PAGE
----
Hyperbaric oxygen therapy is a an exciting new treatment for people who suffer from diabetic and peripheral neuropathies . Hyperbaric oxygen therapy, referred to as HBOT, has actually has been used in the medical field for many years to treat a variety of conditions including carbon monoxide poisoning, crush injuries “the bends” experienced by divers, burns and diabetic wound complications such as gangrene. Its application for treating neuropathies is relatively new and is not considered a “standard treatment” for neuropathy. In medical speak it is considered an “off-label treatment.” So here is the low-down on HBOT as it pertains to treating neuropathies:
What is hyperbaric oxygen therapy and how doe s it work in treating neuropathy?
Hyperbaric oxygen therapy is breathing oxygen under increased atmospheric pressure. This allows red blood cells to carry more oxygen to all parts of the body. As a result HBOT has the following beneficial effects:
- Enhanced wound healing
- Stimulates the growth of new blood vessels
- Increased circulation
- Repair of damaged tissue
Since diabetic and other peripheral neuropathies are due to damage to the nerves, especially in the feet, it is postulated that HBOT may be effective in treating neuropathy
There are two types of HBOT-Hard chamber and soft chamber-what is the difference?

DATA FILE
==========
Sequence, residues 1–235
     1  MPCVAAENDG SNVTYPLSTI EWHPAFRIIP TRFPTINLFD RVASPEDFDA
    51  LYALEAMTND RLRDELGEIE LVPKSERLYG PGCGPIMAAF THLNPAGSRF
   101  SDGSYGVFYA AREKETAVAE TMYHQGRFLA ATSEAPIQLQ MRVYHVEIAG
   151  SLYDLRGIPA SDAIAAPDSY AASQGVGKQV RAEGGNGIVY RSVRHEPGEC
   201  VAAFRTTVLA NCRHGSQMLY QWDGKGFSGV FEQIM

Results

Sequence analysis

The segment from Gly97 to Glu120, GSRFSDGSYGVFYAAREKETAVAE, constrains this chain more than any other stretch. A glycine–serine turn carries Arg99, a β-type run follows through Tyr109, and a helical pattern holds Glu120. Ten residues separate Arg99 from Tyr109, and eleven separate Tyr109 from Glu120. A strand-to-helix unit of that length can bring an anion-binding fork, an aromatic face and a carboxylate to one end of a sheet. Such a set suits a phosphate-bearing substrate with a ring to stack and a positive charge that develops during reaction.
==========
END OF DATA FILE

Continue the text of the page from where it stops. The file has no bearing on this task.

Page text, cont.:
Hard oxygen chambers as the name suggests, is made out of a hard metal-usually steel. With these chambers the patient is breathing 100% oxygen under pressure. It is more intense therapy requiring more time to equalize pressures. Hard chambers are used to treat more serious-life threatening conditions as those listed above. These chambers are usually located at hospitals, outpatient centers or specific hyperbaric centers.
Soft chamber oxygen chambers are less invasive. Treating patients with this type of chamber is called mild hyperbaric therapy. It is estimated that the pressure in a soft chamber is equivalent to diving under water to about 12 feet. Soft chambers are portable and can be placed in any treatment facility-including doctor’s offices. In fact at the Foot Pain Center, we are currently using mild hyperbaric oxygen therapy.
Will HBOT cure my neuropathy?
HBOT will not cure neuropathy. In most cases peripheral nerve damage is not reversible. The goal of HBOT is to help restore sensation and to decrease the painful and uncomfortable symptoms of neuropathy-pain, burning, tingling, shooting pains and “pins and needles” sensations. Treatments are designed to reduce symptoms. From a practical point it may be necessary To undergo a series of treatments which may relieve symptoms. Periodic treatments may be necessary to maintain and restore the positive effects of HBOT.
Source : Foot Pain Center Blog